The National Collegiate Athletic Association’s Division III Committee on Infractions last month placed Kalamazoo College on three years’ probation for violating rules that prohibit the division’s members from awarding financial aid based on athletic ability. For five years, the college considered athletic participation as a factor when determining aid for prospective students, meaning that 567 students received aid packages based on their athletic skill.
While Division III colleges are allowed to weigh athletic considerations in deciding whom they admit, the rules adopted by the division's members bar them from doing so when packaging financial aid. But in the last decade, Kalamazoo has been joined by dozens of other Division III institutions in violating what is frequently referred to as the “bedrock principle” of the division, according to an analysis by Inside Higher Ed of the NCAA's records.
The number of violations points to either lasting confusion over the division's longstanding rules or, fueled by increasing pressure to win, a continuing disagreement over one of its core philosophies.
“The vast majority of cases that are adjudicated by us involve some form or fashion of a financial aid violation,” Jon Duncan, the NCAA’s vice president of enforcement, said. “Not all of them, but the vast majority. At the same time, I don’t hear most schools complaining about the underlying dialogue. They understand that this is foundational.”
Yet the number of those cases seems to be increasing, according to the NCAA’s database of what the association considers to be “major infractions.”
Last year, Rose-Hulman Institute of Technology was found to have awarded nearly $40,000 in financial aid based on athletics, and Emory and Henry College was found to have awarded nearly $80,000 to 27 athletes using athletic criteria. In 2014, the University of Wisconsin at Superior was found to have awarded 196 athletic-based scholarships totaling $393,575 between 2008 and 2013. During that same time period, Denison University offered impermissible financial aid ranging from $1,443 to $9,000 per year to 24 athletes.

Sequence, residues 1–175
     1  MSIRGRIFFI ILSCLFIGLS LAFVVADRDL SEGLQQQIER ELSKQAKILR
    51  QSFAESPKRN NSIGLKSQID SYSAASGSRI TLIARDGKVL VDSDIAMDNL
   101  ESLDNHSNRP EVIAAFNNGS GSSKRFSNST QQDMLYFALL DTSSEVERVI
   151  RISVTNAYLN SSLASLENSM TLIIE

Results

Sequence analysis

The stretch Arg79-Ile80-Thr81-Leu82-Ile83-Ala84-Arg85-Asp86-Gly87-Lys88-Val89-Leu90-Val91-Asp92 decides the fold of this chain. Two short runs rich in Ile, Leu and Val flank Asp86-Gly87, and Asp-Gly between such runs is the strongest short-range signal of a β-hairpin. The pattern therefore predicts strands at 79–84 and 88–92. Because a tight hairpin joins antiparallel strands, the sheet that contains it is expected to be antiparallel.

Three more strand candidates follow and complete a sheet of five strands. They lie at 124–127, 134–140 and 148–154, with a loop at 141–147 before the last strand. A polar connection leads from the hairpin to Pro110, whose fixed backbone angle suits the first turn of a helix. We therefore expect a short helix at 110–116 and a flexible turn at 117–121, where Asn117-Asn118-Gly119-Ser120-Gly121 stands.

Between 1953 and 2006, according to the NCAA's major infractions database, Division III had 13 major violations involving financial aid. In the decade since, there have been more than two dozen cases.
The major infractions database does not include more minor violations, what the NCAA calls "secondary infractions," meaning the total number of financial aid infractions is even higher. Division III institutions are required to use an annual reporting process to compare the financial aid packages of freshman and transfer athletes with the aid packages of freshman and transfer nonathletes. The most recent NCAA report about this process found that between 2005 and 2014, 61 Division III institutions considered athletic ability when packaging financial aid.
Dan Dutcher, president of Division III, said he believes many institutions that are breaking the rules are doing so inadvertently. At Kalamazoo, the college's provost said the "intent was to treat all students -- the musicians, the artists, the student leaders, the athletes -- fairly,” not to gain a completive advantage on other Division III teams.